Flexible Non-Enzymatic Glucose Sensor Obtained Via Wet Metallization Coupled with Inkjet Printing

Wednesday, 31 May 2017: 14:50
Trafalgar (Hilton New Orleans Riverside)
R. Bernasconi, A. Molazemhosseini, A. Mangogna, and L. Magagnin (Politecnico di Milano)
Flexible sensors and electronic devices constitute one of the great frontiers of research in the third millennium. The advantages of these technologies are obvious: the possibility to wrap or fold the devices (with space saving benefits), the opportunity to manufacture wearable accessories and the weight reduction of the final product [1]. Many vital sectors of the modern manufacturing industry are interested by the general evolution towards flexible electronics: displays, solar cells, batteries and sensors.

In the case of biosensors in particular the development of flexible devices is particularly attractive due to their ability to adapt to human body, making possible the realization of wearable medical equipment. Example of biosensors include devices for the detection of glucose, organophosphates, proteins, antibiotics and many others. Their working principle may vary, but one of the most promising is the electrochemical one. Most of the electrochemical sensors are based on an enzyme mediated catalysis that produces or uses electrons. The resulting flux of current can be quantified and used for the sensing of the target specie.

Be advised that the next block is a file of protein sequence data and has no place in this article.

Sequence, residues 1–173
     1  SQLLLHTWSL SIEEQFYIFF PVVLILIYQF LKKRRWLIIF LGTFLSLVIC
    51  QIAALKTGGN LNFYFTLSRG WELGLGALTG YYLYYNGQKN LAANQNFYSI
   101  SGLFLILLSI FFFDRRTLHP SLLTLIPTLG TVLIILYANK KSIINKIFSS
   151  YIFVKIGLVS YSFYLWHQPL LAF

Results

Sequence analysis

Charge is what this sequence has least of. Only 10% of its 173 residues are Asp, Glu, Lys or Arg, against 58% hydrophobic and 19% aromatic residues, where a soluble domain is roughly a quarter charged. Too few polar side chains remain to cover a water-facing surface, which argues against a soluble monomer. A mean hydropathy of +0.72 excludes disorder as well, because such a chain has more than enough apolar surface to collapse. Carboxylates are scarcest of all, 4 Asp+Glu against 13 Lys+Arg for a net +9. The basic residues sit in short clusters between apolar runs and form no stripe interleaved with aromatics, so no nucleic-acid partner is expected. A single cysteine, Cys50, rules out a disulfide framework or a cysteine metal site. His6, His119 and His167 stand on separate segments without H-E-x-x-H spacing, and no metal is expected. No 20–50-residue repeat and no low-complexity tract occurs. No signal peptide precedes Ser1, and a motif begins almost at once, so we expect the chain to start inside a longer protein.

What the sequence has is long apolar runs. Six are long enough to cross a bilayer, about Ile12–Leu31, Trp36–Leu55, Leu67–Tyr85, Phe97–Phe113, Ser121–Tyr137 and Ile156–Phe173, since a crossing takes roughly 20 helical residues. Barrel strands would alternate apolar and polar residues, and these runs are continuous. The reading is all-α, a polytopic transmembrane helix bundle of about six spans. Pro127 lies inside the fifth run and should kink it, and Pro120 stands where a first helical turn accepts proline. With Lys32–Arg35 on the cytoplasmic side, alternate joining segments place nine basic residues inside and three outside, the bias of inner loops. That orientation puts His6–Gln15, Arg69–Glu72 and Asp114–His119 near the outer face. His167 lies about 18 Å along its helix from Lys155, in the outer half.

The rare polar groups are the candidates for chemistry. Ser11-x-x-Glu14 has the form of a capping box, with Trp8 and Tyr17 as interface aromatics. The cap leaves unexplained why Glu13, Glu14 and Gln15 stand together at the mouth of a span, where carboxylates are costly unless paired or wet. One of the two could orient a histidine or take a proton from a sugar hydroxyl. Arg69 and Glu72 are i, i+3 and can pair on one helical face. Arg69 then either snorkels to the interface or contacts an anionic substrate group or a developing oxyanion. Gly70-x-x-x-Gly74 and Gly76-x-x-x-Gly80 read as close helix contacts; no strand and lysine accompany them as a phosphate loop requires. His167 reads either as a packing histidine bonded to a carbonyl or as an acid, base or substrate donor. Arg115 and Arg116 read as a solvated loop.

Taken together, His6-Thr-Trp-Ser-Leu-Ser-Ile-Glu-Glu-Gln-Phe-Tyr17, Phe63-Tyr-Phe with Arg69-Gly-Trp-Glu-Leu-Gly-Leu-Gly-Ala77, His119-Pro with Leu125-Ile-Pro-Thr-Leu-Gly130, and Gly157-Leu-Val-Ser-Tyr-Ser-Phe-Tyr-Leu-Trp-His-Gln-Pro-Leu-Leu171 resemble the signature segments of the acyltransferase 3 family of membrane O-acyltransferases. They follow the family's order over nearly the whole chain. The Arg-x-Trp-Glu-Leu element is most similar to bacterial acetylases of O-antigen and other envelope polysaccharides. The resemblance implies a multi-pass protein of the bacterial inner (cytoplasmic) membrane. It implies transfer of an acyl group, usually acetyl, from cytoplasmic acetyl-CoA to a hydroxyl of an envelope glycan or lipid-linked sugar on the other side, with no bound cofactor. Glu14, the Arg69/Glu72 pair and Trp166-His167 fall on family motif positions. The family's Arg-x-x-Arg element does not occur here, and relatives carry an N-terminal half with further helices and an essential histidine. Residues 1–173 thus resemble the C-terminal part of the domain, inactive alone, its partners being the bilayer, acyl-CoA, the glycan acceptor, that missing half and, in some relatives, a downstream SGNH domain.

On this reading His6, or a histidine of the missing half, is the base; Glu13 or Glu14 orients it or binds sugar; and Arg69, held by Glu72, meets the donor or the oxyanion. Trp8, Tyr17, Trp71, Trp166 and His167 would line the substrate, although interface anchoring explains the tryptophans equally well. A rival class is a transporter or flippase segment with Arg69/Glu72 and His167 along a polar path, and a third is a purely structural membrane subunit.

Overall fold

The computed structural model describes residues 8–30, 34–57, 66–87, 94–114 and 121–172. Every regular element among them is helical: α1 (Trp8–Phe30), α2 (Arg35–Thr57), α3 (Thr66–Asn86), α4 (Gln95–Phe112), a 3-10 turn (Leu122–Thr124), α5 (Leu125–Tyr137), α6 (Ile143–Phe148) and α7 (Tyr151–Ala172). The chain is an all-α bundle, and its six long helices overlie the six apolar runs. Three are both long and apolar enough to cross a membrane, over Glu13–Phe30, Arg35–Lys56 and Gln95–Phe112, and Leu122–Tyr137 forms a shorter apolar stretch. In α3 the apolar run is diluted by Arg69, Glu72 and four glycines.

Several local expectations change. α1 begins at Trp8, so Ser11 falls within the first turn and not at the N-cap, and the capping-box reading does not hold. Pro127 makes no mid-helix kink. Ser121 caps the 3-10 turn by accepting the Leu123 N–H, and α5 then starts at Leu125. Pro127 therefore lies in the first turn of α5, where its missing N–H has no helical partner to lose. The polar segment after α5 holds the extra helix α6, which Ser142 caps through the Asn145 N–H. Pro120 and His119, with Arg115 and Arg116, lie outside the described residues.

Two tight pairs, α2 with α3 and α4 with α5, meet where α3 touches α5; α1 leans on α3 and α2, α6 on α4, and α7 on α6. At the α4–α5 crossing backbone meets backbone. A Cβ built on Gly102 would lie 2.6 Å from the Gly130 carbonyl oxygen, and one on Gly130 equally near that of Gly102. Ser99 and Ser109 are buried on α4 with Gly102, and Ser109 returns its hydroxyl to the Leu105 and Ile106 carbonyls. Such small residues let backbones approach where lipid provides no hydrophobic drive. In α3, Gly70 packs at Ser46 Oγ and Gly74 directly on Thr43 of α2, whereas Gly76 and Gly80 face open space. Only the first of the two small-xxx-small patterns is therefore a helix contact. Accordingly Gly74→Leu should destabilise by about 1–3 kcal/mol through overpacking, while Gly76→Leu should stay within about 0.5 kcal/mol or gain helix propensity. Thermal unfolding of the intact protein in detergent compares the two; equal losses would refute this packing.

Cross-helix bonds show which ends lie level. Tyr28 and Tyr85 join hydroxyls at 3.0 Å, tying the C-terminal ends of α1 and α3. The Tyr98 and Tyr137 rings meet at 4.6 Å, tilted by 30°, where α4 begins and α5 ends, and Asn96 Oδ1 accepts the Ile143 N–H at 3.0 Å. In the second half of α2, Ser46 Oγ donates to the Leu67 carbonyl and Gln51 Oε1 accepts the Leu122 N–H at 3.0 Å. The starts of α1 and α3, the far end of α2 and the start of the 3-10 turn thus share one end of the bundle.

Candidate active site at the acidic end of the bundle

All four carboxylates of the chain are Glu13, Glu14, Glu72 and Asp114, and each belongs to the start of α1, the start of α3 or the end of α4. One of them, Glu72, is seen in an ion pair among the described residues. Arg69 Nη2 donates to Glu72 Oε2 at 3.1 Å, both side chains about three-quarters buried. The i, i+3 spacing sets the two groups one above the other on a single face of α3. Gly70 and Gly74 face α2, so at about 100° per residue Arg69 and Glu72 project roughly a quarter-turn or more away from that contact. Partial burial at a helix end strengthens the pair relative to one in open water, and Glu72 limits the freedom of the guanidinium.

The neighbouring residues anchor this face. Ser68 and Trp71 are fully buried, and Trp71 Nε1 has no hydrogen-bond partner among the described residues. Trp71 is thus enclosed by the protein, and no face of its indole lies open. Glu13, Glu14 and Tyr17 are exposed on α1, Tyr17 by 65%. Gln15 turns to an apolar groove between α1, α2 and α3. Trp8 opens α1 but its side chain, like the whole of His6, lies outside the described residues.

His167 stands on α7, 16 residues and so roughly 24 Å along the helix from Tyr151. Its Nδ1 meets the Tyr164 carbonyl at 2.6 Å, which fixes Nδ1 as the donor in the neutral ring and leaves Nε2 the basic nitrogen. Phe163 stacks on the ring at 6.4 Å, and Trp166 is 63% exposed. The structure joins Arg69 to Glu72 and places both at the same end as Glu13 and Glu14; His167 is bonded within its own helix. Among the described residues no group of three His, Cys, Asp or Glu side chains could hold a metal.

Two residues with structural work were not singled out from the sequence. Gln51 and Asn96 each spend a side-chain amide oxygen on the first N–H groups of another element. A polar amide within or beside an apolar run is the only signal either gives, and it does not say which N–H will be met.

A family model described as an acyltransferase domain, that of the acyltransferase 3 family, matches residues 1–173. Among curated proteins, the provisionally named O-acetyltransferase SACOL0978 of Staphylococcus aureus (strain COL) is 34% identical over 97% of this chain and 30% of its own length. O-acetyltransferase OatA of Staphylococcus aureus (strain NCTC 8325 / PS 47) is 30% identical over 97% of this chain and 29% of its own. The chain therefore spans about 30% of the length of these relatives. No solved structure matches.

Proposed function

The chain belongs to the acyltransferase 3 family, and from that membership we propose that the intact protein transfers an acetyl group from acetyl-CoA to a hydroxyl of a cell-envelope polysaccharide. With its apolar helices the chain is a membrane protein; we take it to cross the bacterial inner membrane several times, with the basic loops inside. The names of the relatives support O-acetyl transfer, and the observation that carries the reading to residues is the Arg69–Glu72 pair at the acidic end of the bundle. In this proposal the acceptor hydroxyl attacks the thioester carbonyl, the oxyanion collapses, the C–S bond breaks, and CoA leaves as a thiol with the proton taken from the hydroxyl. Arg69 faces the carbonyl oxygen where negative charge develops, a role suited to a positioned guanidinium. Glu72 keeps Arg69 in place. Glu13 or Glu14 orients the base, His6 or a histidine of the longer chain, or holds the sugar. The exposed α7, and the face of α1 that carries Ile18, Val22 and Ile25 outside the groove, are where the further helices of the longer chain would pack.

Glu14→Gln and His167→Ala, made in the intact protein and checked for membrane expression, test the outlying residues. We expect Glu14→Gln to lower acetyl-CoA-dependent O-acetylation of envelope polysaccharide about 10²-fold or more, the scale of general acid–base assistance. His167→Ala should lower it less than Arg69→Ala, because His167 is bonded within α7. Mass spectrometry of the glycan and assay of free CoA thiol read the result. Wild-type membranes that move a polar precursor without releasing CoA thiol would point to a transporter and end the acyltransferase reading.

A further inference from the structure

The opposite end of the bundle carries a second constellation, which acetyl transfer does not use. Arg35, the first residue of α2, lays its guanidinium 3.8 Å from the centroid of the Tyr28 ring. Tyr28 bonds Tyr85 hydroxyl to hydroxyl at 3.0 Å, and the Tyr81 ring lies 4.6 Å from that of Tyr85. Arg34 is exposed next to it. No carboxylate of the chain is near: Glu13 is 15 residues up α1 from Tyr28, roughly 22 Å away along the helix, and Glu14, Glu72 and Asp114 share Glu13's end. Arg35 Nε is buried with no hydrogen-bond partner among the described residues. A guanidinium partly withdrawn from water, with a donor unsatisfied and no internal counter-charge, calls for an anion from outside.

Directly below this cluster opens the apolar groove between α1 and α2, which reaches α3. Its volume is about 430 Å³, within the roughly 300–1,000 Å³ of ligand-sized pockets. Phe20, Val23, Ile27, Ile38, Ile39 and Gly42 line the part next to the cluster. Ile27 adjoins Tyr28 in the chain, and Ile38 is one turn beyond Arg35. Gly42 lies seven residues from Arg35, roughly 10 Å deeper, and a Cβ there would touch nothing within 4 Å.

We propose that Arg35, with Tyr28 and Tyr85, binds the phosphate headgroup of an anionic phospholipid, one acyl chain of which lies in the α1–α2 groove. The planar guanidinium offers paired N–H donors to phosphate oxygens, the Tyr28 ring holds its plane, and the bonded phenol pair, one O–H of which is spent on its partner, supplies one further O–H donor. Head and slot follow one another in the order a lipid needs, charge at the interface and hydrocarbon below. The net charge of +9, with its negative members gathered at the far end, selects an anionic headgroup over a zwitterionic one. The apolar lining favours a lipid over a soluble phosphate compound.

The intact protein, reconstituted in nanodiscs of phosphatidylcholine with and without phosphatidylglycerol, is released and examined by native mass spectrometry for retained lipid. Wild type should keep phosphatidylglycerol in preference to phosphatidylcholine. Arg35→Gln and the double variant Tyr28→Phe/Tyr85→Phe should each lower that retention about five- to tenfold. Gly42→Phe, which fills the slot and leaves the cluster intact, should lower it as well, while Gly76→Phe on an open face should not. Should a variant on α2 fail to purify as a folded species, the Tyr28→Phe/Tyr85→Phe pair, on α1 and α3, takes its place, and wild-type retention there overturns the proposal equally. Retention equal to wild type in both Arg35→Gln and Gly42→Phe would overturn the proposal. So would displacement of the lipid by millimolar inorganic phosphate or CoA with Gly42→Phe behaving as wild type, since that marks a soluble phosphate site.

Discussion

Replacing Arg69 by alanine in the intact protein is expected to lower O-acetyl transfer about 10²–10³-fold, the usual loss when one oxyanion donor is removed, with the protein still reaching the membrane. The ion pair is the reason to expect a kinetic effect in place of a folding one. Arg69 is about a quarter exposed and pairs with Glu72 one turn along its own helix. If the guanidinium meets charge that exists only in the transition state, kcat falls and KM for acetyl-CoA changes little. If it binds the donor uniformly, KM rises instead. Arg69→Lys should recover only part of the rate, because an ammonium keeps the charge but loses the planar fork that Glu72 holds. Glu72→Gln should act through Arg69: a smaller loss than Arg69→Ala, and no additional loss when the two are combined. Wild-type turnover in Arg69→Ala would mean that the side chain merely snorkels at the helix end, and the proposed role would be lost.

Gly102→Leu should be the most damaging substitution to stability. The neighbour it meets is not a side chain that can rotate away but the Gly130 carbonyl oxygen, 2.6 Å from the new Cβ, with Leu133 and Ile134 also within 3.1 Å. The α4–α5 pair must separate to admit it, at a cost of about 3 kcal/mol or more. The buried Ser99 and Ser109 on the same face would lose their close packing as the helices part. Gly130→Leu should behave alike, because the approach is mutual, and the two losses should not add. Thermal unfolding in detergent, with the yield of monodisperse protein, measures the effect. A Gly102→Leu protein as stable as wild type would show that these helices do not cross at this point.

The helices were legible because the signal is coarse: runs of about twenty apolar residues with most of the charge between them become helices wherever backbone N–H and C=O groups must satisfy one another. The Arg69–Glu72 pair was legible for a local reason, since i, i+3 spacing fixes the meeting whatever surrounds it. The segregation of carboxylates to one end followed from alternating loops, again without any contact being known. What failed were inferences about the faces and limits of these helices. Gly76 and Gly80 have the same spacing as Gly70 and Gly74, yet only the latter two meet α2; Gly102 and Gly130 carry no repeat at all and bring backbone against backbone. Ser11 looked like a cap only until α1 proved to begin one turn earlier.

These sensors, called enzymatic, present however some disadvantages. Firstly, the enzyme loses activity over time. Moreover, the enzyme is typically not completely stable when immobilized on a substrate. For these reasons, a primary goal of modern research on biosensing is the development of non-enzymatic sensors.

In the present work, a flexible non-enzymatic electrochemical glucose biosensor is presented. The functioning of the device is based on CuO, a common p-type semiconductor already used for the manufacturing of non-enzymatic glucose sensors [2, 3]. CuO nanoparticles are synthesized via a hydrothermal reaction and inkjet printed on a flexible substrate. Such flexible substrate is obtained by electroless plating with NiP a polymer sheet and by subsequently applying a platinum layer via electrolytic deposition. Sensitivity and selectivity of the obtained devices are finally tested with electrochemical techniques and their operative range is determined.

The obtained single use bendable sensors may result of great interest for the control of patients affected by diabetes mellitus, a pathology that constitute one of the primary health risks in the world.

[1] M. A. Alam, and S. Kumar; ed. B. Bhushan; “Flexible Electronics" chapter in Encyclopedia of Nanotechnology, Springer Netherlands, Dordrecht (2012) 860-865

[2] R. Ahmad, N. Tripathy, Y. B. Hahn, A. Umar, A. A. Ibrahim and S. H. Kim, Dalt. Trans. 44 (2015) 12488-12492

[3] R. Ahmad, M. Vaseem, N. Tripathy and Y. B. Hahn, Anal. Chem. 85 (2013) 10448-10454